For the last week or two our local hedgerows have been at their best. With, in places, masses of wild roses, honeysuckle and elder much now giving way to bramble flowers.
Summer flowers and grasses flourish along the hedge bottoms. One of the most characteristic grasses is false oat-grass (Arrhenatherum elatius) with its elegantly arching silvery flowering spikes.
Another silver surprise was a blackthorn (below) with silver leaves rather than the normal green as on the right of the picture. This is, I believe, a condition known as 'false silver-leaf'. Leaves also turn silver if the shrub is attacked by a fungus Chondrostereum purpureum but this kills the plant or the affected branches and this particular blackthorn seems perfectly healthy (although the false silver-leaf is caused by one kind of stress of another).
Hedge woundwort also seems to be doing well this year.
Anne Pratt (1852) remarks on the wooly properties of the plant and adds "one species of wild bee, which dwells in the cavities of trees, is skilled in using it. Kirby and Spence remark of this little creature, that it knew what materials would slowly conduct heat, long before Count Rumford's experiments had been made; and it attacks the leaves of Wooly Woundwort (Stachys lanata), the Rose Campion and similar plants, and scraping hence the down with its forelegs, rolls it into a little ball, and sticking it on the plaister which covers the cells, renders them impervious to every change of temperature; so that, say these writers, 'this bee may be said to exercise the trade of a clothier.' "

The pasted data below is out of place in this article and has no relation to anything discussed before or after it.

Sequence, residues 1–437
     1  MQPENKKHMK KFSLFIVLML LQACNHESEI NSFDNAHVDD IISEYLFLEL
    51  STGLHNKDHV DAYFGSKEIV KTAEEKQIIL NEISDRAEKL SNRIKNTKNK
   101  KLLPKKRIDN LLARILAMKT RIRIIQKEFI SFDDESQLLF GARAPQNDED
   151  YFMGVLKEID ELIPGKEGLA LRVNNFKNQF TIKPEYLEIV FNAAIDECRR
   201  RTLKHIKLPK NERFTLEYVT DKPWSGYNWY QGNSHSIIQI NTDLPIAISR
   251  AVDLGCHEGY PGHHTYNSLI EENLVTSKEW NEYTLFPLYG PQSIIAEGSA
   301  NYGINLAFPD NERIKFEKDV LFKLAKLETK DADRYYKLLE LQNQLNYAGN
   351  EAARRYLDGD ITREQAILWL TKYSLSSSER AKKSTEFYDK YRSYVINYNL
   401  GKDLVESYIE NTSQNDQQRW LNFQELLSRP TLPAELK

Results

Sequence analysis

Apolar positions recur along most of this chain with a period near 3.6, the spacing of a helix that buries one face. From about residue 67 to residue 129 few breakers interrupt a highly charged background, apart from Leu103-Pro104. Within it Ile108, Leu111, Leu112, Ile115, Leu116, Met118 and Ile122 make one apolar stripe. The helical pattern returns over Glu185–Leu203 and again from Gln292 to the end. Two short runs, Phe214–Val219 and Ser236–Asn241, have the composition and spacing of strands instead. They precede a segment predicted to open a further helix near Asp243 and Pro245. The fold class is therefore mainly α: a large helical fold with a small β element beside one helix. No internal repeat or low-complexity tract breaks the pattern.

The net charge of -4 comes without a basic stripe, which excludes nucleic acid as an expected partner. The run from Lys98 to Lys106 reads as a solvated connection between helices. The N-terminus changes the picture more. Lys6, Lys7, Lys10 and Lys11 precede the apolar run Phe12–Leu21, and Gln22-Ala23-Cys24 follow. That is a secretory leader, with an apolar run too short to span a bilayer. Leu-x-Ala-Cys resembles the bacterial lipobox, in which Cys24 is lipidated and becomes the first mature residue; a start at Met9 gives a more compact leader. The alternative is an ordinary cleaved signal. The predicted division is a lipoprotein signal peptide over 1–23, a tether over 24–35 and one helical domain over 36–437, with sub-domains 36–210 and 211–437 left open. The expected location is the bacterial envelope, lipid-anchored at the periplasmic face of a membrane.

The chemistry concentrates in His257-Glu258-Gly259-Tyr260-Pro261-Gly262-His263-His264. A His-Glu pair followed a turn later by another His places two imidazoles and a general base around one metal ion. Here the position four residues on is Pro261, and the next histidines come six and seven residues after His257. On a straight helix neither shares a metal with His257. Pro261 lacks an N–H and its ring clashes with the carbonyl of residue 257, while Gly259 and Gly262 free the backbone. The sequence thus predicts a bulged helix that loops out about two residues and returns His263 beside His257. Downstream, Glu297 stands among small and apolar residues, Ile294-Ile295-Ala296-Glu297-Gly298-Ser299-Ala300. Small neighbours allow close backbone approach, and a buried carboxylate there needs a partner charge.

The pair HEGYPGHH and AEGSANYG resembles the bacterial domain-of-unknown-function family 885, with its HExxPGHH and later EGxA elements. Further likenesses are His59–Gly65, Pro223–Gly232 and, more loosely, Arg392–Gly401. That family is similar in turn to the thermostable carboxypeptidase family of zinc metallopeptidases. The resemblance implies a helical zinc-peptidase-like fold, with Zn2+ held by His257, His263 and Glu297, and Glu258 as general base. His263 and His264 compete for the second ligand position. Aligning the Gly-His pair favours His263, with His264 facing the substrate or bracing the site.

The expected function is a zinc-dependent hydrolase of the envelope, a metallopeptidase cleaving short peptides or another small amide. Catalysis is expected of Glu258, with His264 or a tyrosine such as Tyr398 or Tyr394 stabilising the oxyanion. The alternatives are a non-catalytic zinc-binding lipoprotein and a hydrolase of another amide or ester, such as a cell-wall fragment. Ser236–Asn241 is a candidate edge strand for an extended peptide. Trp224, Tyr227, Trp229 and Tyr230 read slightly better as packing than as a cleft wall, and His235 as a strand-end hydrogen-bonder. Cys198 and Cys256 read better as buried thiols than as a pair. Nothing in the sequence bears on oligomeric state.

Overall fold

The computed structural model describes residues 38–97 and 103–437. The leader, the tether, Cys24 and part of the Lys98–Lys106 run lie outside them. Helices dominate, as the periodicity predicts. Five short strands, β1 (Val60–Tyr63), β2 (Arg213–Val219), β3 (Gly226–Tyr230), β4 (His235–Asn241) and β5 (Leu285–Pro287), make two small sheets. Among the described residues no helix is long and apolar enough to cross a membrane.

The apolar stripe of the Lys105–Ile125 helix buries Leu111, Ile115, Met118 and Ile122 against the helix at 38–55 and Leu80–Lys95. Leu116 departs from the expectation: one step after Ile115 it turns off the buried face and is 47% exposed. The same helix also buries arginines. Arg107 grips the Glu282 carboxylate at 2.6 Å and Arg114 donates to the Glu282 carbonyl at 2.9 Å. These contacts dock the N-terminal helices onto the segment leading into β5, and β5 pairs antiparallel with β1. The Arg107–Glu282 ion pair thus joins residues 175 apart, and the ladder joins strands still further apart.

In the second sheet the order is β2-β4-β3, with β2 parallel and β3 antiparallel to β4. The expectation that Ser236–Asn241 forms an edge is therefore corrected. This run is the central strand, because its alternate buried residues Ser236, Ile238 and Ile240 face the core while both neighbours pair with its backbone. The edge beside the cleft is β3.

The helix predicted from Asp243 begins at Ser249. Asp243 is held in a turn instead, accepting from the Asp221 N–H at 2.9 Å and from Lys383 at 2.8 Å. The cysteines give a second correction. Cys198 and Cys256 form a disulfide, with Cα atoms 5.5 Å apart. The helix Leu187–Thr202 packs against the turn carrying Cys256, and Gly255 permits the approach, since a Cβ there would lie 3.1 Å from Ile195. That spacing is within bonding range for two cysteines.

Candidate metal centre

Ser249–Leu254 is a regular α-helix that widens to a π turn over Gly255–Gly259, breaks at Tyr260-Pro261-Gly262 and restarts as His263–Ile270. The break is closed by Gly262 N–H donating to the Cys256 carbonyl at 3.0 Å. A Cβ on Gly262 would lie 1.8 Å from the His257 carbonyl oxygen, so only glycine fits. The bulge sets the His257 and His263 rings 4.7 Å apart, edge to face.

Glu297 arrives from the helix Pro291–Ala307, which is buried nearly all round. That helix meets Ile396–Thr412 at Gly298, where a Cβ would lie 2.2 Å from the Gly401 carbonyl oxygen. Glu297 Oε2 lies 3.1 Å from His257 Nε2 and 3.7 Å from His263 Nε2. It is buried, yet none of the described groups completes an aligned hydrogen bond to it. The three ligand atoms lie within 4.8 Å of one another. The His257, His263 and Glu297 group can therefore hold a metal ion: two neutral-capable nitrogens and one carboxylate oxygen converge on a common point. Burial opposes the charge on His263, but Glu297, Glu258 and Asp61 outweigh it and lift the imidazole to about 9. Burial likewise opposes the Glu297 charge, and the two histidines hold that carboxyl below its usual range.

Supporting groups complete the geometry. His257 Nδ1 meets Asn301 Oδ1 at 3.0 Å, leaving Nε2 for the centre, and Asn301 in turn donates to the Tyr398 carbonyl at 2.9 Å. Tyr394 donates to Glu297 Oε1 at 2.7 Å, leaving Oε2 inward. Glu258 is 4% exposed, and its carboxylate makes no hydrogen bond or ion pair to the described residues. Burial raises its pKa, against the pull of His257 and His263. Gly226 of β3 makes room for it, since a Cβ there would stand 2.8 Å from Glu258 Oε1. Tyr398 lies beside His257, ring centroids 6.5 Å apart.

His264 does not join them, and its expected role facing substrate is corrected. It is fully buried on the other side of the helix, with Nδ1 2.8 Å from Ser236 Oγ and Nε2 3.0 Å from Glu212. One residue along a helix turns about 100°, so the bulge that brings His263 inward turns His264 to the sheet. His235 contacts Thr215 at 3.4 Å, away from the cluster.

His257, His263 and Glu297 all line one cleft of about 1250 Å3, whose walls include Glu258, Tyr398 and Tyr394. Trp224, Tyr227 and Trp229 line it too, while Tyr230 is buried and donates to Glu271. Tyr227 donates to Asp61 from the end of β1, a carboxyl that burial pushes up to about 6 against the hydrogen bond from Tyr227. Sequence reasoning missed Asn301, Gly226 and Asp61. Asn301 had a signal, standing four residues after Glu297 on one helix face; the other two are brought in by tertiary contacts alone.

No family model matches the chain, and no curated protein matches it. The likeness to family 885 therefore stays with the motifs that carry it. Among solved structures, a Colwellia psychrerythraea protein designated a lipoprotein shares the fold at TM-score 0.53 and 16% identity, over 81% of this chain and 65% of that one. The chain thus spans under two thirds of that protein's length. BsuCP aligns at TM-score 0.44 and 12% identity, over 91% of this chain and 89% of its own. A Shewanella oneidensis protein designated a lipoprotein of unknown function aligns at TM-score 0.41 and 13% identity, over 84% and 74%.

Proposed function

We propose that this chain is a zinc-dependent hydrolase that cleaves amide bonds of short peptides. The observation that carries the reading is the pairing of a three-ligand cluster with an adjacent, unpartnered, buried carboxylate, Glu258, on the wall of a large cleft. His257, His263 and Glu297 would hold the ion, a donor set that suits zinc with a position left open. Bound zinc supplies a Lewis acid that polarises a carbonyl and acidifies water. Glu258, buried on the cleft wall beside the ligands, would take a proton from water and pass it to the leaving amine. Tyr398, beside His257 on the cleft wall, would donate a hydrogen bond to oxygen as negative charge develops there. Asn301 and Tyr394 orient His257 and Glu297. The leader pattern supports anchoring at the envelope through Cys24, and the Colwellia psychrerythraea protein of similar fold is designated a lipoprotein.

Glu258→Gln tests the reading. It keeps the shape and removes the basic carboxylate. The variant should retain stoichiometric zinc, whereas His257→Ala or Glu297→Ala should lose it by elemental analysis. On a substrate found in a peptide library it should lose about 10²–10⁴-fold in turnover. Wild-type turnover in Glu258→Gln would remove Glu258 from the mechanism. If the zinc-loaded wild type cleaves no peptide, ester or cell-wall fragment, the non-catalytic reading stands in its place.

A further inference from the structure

The bee in question is the wool carder-bee (Anthidium manicatum) and is particularly common in our garden where it shows a strong liking for flowers of houseleeks (Sempervivum spp.)
With us it mainly uses Stachys lanata to make its wool balls (see below).
The Count Rumford mentioned by Anne Pratt was the 18th/19th C Anglo-American polymath born Benjamin Thompson. Among innumerable other things he investigated the insulating properties of various materials including fur, wool and feathers. Kirby and Spence were authors of the Introduction to Entomology published in 4 volumes between 1815 and 1826.
Another insect that is a welcome visitor to our hedges this year is the small tortoiseshell butterfly (Aglais urticae). It used to be one of the commonest species when I was young, but now seems to be rather rarely seen, though it may have been picking up a little recently. I hope it isn't its relative scarcity that causes me to appreciate what a beautiful species it is.